Giorgio Morandi


Giorgio Morandi was born in Bologna on 20th July 1890. He spent almost his whole life working as a painter and etcher in a small studio-flat in Via Fondazza that he shared with his three sisters. He never had a proper atelier, but he lived and worked in a medium-size room with a window looking onto a small yard, subject of several of his paintings.

In this room there were also his bed, an old writing table, a drawing table, the easel, and all around, on narrow shelves, the arsenal of the simple things we see in his still lives: bottles, containers, vases, jugs, kitchen utensils, boxes. In this studio-sleeping room the artist spent his time to reflect, work, and rest in an uninterrupted dialogue with his own reality.

Except for trips to Venice, Florence, or Rome for exhibitions of his paintings, or for summer excursions to Grizzana on the hills of the Tuscan- Emilian Apennines, Morandi scarcely ever left Bologna. Notwithstanding his extreme reserve, his paintings came to be known and in demand throughout Europe and America.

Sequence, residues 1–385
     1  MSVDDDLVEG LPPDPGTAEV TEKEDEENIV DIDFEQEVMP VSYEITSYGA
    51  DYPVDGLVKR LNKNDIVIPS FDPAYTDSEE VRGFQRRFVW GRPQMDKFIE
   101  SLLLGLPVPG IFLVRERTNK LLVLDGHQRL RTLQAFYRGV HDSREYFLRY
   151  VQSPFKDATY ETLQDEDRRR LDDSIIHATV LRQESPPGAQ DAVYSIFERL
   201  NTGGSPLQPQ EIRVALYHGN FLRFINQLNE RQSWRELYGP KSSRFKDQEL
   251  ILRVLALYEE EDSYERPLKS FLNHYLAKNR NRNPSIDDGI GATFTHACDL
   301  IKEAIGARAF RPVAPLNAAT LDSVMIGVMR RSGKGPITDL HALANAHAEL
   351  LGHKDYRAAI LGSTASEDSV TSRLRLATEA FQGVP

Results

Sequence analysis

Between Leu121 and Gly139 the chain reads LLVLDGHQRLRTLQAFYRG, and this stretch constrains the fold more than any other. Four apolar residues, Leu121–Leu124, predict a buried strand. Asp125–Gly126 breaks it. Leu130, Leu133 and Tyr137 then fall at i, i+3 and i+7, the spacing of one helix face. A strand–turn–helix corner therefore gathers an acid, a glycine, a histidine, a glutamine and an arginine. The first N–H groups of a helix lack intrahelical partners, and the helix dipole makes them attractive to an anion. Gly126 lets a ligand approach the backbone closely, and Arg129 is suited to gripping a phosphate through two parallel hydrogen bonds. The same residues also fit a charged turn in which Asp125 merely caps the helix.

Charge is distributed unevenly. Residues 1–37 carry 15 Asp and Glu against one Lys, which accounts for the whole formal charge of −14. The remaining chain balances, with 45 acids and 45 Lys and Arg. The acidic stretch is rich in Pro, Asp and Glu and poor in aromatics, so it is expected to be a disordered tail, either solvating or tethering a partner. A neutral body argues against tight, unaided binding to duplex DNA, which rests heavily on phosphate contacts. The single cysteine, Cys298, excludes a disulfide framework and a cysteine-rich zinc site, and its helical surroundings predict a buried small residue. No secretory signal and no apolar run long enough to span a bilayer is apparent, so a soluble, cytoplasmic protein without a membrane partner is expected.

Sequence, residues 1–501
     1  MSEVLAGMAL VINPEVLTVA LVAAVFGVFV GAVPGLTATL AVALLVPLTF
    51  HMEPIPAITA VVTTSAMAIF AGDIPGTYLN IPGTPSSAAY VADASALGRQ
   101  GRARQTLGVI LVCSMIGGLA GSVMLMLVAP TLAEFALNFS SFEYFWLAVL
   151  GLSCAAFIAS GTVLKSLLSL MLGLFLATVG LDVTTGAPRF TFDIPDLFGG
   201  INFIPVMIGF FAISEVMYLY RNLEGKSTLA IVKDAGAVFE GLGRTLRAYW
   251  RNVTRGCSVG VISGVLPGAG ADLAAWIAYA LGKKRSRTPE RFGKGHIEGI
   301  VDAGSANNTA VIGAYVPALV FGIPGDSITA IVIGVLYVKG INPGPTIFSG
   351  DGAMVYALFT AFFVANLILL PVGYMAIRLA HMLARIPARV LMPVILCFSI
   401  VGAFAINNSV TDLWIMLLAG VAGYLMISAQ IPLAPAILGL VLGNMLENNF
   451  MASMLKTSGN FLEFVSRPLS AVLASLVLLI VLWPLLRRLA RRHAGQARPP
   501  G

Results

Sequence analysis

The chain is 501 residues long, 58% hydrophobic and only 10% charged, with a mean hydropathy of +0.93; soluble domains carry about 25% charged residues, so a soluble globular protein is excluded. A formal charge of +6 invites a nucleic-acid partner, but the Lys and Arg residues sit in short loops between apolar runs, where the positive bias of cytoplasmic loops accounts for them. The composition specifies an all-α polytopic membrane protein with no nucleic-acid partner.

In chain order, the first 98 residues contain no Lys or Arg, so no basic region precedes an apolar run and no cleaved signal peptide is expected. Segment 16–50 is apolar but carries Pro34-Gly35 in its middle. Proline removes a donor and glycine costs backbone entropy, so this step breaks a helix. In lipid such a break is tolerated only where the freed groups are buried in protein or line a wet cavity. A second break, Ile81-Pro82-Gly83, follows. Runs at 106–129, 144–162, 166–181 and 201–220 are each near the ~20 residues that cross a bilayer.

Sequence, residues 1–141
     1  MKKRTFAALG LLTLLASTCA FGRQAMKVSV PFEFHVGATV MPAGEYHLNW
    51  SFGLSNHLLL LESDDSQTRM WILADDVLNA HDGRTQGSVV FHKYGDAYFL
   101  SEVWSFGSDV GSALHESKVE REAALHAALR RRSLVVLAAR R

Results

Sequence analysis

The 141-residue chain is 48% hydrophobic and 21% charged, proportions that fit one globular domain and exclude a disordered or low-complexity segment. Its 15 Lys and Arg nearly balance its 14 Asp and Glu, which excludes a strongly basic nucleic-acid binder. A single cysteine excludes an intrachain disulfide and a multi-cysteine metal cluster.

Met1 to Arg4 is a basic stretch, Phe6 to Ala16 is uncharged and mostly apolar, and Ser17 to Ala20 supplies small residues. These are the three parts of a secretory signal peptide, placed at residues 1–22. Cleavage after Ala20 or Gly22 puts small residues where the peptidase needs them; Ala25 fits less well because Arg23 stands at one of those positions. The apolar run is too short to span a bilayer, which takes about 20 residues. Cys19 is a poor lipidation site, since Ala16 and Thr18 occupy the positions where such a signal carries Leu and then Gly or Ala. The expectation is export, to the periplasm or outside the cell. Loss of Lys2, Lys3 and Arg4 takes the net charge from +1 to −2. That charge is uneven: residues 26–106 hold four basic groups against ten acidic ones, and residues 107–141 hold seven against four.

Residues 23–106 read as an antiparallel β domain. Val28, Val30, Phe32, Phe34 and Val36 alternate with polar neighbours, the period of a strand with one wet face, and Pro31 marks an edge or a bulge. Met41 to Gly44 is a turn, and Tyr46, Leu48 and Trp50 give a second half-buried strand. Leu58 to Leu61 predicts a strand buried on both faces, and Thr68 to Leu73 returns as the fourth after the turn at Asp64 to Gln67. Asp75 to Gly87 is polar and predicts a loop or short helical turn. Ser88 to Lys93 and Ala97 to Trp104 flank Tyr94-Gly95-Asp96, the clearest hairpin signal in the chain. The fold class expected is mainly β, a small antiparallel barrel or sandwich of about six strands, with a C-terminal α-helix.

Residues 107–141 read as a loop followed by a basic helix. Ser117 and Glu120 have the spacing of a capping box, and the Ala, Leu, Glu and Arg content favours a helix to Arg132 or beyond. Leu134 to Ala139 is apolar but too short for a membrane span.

In 1930 he obtained “due to his fame” the professorship of Etching Techniques at the Accademia di Belle Arti of Bologna, where he taught for 26 years. As early as 1934, in a public address by Roberto Longhi, at that time Professor of Renaissance Art at the University of Bologna, Morandi was recognized as the greatest living painter in Italy.
In 1949 he was featured in the seminal exhibition of Twentieth Century Italian Art at the Museum of Modern Art in New York, and in 1957 he was awarded the Grand Prize for Painting at the São Paulo Biennale in Brazil. 
Morandi died in his house in Bologna in June 1964.